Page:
Posted in | Energy Efficiency | Energy

Chemists Develop Self-Healing Catalyst for Hydrogen Production

The international team from the Bochum Centre for Electrochemical Sciences is working on sophisticated materials for hydrogen synthesis: Stefan Barwe, Dr Corina Andronescu, Prof Dr Wolfgang Schuhmann and Dr Justus Masa (from left to right) © RUB, Kramer

The process of manufacturing hydrogen from water experiences chemically aggressive conditions, which wears out the catalysts that are used. Regenerating themselves would thus be practical.

A catalyst with self-healing properties has been developed by chemists at the Centre for Electrochemical Sciences at Ruhr-Universität Bochum.  In the midst of the challenging conditions of water electrolysis for producing hydrogen, the catalyst material regenerates itself, as long as the components needed for this are present in the electrolyte solution.  A report on this was presented in the journal Angewandte Chemie International Edition by a team involving Stefan Barwe, Prof Dr Wolfgang Schuhmann and Dr Edgar Ventosa from the Bochum Chair of Analytical Chemistry. The research took place as part of the cluster of excellence Resolv.

Hydrogen is known to be an energy source of the future. However, it is indeed a challenge to find efficient and stable catalysts to synthesize.  This synthesis is performed using water electrolysis, with hydrogen produced at one electrode and oxygen at the other. A catalyst film is used to cover the electrodes. This film is attacked during the reaction and thus it becomes less effective.

Catalyst surface forms by itself

A new way of developing a highly stable catalyst film was demonstrated by the Bochum chemists in a feasibility study. These chemists added catalyst nanoparticles in powder form to the solution, which surrounds the electrodes. Following this, the particles pumped via the electrode chambers crash with the electrode surface. At this point a particle film is developed based on electrostatic attraction forces. Particles with a negatively charged surface are deposited on the cathode and particles with a positively charged surface are deposited on the anode. Thus, the catalyst film forms by itself.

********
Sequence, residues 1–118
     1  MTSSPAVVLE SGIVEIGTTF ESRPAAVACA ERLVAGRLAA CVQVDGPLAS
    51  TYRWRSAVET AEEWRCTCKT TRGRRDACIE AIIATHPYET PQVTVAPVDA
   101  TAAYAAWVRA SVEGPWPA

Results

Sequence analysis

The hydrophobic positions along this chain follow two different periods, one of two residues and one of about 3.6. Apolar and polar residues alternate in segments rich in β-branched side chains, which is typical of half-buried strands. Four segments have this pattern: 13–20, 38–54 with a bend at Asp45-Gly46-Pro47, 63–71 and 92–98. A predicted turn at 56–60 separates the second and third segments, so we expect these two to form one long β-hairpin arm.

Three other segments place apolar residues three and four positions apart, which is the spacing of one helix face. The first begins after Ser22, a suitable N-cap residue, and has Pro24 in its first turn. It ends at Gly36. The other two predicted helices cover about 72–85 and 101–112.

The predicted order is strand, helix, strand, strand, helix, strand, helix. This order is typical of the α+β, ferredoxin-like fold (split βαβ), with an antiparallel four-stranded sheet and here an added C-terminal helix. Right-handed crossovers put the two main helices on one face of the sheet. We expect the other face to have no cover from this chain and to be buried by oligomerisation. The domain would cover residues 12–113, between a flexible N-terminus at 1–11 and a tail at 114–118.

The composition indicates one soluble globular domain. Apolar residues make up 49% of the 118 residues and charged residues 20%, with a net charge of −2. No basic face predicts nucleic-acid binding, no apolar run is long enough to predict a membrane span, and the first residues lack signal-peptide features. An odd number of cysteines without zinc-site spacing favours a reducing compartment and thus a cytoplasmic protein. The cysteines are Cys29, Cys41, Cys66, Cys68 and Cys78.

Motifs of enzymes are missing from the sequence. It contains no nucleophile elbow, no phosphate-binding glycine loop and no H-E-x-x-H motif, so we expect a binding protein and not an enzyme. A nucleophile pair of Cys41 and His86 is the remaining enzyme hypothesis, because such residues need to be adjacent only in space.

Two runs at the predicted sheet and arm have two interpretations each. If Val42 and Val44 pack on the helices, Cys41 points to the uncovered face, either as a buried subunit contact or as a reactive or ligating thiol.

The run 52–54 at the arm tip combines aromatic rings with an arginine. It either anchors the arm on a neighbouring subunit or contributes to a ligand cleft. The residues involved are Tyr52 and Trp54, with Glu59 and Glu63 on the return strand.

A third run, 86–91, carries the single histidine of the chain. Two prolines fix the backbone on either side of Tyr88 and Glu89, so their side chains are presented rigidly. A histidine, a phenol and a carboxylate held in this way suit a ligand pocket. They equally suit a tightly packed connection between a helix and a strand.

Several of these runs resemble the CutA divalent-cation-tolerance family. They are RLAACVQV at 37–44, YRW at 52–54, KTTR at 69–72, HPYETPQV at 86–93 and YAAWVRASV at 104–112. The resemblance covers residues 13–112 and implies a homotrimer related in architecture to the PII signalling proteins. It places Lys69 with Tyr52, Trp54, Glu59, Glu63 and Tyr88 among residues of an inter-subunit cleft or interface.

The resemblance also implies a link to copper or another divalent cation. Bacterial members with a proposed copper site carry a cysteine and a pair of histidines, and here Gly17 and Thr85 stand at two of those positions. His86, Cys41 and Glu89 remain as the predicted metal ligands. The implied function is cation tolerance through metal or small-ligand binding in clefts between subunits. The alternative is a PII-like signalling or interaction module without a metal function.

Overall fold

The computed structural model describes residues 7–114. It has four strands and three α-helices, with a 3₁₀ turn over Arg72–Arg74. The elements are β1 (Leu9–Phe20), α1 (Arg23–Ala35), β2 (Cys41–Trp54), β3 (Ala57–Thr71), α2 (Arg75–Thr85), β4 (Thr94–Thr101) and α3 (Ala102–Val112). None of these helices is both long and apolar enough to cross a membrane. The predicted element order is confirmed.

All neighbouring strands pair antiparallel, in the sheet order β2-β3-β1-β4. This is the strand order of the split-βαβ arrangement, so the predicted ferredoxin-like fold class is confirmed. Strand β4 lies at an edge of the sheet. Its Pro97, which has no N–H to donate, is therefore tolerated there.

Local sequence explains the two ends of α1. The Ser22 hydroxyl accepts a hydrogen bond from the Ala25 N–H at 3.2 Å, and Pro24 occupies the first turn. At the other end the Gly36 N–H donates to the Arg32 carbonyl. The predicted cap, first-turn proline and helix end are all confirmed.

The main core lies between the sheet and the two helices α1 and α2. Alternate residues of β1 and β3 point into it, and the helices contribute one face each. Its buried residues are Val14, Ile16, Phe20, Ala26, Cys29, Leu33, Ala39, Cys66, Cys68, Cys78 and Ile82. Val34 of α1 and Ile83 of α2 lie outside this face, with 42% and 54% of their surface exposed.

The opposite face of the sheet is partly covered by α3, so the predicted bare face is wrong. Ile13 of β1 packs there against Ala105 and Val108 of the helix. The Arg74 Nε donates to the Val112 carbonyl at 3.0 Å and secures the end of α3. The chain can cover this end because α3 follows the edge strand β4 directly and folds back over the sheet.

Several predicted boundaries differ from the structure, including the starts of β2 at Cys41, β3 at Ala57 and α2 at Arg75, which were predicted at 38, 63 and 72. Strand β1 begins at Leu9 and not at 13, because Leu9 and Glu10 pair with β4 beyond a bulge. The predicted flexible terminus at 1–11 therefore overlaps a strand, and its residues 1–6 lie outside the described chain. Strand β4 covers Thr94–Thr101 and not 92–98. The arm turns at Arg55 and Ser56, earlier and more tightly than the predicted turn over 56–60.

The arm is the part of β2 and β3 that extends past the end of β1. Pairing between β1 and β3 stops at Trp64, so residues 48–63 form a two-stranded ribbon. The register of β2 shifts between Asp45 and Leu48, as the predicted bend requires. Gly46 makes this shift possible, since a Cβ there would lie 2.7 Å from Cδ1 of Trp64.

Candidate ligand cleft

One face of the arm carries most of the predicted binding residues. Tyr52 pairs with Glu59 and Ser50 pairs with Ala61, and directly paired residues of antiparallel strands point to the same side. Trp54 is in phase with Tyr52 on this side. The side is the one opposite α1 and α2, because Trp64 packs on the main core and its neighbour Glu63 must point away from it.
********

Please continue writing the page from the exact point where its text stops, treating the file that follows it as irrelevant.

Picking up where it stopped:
With the help of the same mechanism, the catalyst surface regenerated during the reaction. New nanoparticles from the solution passed to the electrodes, and they now freshened up the worn catalyst film. This self-healing effect prolonged as long as catalyst particles existed in the solution.

Stable for several days

The team experimented with nickel electrodes. Two different catalyst powders were tested for the two electrodes, one a cobalt-based material and other a nickel-based material. All of the catalyst materials produced a film, which was a few micrometres thick on the electrodes, based on the confirmation provided by the electron-microscopic captures. The measurements also revealed that functional systems produced that hydrogen in a stable way over several days.

In studies to be conducted in the future, the chemists plan to analyze in a detailed manner the influence of particle size and shape and also the influence of the electrolyte solution on the stability and efficiency of the catalysts.

The work was supported by the German Research Foundation as part of the cluster of excellence Resolv (EXC1069). Additional funding was provided by the German Federal Ministry of Education and Research as part of the “Mangan” project (FKZ 03EK3548).

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